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Rinsho Ketsueki. 2017;58(10):2004-2011. doi: 10.11406/rinketsu.58.2004.

Molecular pathogenesis and its therapeutic implication for ATL.

[Article in Japanese]

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Kagoshima University Hospital, Department of Hematology and Immunology.


Adult T-cell leukemia/lymphoma (ATL) is a peripheral T-cell malignancy caused by human T-lymphotropic virus type I (HTLV-1). HTLV-1 related proteins Tax and HTLV-1 bZIP factor induce immortalization and transformation of HTLV-1-infected T-lymphocytes and eventually induce clonal proliferation. One of the apparent molecular features in ATL cells is abundant genomic abnormalities targeting characteristic pathways, including T-cell receptor signaling and the NF-κB pathway, G-protein coupled-receptor, including CCR4, and transcriptional regulation. Moreover, the overexpression of PD-L1 caused by structural variations in the 3'-UTR of the PD-L1 gene has been reported recently, which indicates possible escape of ATL cells from immune-surveillance and its therapeutic application for pharmacological intervention. The next is the downregulation of microRNAs and tumor suppressors by genome-wide epigenetic abnormalities, especially accumulation of trimethylated H3K27 induced by EZH2. Among these molecular events frequently observed in ATL cells, treatment targeting CCR4 via a monoclonal antibody has been introduced in the clinic, and immune-therapy by therapeutic vaccine with Tax peptide-pulsed dendritic cells, treatment by immune checkpoint inhibitors, and treatment targeting EZH1/2 by a small molecule inhibitor are under clinical trial. Establishment of novel treatment strategies beyond cytotoxic agents for ATL are eagerly anticipated, especially for elderly patients.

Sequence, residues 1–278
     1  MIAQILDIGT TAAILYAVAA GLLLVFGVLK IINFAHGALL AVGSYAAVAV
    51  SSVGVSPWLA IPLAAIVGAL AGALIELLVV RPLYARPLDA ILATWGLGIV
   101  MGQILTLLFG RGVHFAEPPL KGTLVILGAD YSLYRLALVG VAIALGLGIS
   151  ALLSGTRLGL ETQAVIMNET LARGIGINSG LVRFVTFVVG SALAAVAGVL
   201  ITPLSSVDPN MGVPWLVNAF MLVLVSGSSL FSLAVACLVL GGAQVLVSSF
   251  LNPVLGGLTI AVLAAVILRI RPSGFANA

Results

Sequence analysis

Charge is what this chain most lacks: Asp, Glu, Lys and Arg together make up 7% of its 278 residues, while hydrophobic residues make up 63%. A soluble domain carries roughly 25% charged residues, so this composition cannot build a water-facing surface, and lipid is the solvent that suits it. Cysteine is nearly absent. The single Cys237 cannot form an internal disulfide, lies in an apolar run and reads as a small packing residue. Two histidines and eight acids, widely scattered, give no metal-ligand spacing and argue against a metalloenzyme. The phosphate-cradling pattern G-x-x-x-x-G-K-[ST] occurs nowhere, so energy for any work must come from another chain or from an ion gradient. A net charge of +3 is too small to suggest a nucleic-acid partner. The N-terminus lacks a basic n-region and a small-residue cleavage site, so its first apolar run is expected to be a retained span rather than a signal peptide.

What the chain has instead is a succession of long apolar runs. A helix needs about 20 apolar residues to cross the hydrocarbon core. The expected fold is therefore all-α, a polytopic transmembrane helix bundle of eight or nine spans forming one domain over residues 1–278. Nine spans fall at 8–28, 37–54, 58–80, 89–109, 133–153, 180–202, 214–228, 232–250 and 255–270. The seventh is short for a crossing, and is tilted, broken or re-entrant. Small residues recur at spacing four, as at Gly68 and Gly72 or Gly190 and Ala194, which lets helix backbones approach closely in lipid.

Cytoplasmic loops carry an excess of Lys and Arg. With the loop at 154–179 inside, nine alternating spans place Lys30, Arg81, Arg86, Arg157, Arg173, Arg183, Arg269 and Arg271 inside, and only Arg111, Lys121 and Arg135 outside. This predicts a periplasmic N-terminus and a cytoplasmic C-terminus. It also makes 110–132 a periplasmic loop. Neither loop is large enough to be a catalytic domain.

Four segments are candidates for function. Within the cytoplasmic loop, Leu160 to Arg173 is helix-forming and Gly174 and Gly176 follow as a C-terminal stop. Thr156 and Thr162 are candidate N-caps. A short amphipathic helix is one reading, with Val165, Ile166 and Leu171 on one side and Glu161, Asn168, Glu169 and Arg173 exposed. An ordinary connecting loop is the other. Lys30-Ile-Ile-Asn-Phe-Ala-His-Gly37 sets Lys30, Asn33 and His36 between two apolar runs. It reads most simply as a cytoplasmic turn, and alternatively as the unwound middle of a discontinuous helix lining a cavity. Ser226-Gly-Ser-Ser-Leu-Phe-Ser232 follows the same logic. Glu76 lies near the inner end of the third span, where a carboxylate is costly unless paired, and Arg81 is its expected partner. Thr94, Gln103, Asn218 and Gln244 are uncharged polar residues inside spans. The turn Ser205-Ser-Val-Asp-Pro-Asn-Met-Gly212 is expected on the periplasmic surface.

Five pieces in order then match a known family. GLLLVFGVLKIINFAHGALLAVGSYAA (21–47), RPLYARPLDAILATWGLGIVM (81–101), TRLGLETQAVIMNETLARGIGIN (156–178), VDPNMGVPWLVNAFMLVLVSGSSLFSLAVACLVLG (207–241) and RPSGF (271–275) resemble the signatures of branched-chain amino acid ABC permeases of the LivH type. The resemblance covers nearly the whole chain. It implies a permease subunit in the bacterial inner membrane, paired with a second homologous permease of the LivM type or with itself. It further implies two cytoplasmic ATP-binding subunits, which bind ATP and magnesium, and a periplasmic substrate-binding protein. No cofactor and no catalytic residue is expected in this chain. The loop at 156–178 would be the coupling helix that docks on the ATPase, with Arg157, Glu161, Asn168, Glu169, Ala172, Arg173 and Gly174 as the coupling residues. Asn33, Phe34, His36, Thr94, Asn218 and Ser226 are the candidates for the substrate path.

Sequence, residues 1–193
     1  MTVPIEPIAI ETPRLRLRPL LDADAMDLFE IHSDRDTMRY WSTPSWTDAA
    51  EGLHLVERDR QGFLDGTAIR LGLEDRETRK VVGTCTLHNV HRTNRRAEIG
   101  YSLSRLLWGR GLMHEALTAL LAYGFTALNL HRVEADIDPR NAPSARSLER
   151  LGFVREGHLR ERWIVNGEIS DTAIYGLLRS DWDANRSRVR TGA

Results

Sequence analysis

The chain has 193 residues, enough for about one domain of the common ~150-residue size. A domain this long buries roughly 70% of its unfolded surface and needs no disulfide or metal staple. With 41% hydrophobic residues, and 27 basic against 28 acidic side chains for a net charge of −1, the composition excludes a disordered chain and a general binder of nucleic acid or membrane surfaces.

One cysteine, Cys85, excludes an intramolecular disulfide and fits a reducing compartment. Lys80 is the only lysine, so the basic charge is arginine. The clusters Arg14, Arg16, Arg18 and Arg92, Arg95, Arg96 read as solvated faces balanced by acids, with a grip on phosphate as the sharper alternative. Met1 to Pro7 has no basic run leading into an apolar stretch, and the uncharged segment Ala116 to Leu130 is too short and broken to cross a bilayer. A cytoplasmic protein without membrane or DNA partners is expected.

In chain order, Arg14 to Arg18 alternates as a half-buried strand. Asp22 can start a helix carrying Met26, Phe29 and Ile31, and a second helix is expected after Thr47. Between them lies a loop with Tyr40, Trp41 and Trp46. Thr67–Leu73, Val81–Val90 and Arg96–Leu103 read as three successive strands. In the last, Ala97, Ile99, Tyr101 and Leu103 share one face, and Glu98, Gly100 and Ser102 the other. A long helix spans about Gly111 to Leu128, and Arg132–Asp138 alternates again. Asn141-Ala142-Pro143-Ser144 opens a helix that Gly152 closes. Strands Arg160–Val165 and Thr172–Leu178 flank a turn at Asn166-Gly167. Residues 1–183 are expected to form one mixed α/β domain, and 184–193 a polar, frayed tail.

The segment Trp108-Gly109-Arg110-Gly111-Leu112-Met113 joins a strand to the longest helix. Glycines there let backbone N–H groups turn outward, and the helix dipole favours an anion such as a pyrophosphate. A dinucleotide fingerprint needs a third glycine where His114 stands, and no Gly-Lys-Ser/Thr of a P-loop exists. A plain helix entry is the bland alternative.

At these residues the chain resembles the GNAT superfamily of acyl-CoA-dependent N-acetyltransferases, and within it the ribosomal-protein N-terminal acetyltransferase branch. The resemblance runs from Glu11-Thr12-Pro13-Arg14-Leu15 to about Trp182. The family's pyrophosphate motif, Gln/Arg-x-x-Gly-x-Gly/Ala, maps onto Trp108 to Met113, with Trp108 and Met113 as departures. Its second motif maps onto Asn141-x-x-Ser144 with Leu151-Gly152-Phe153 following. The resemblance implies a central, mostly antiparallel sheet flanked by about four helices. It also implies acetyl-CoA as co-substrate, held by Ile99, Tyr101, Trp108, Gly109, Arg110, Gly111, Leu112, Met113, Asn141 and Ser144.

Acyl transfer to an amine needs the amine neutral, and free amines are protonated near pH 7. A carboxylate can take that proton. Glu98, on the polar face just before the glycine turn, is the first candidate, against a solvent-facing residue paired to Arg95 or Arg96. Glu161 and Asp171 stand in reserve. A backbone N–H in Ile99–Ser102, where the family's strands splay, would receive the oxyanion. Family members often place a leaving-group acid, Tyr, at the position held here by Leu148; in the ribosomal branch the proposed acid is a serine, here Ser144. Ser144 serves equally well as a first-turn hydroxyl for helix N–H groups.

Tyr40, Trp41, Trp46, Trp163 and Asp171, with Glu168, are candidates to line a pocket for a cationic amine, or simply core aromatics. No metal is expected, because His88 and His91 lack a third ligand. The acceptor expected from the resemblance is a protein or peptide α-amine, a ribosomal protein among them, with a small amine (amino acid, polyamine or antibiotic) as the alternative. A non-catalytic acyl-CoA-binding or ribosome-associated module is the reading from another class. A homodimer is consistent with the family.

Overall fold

ATL; Molecular pathogenesis; Novel therapy

[Indexed for MEDLINE]

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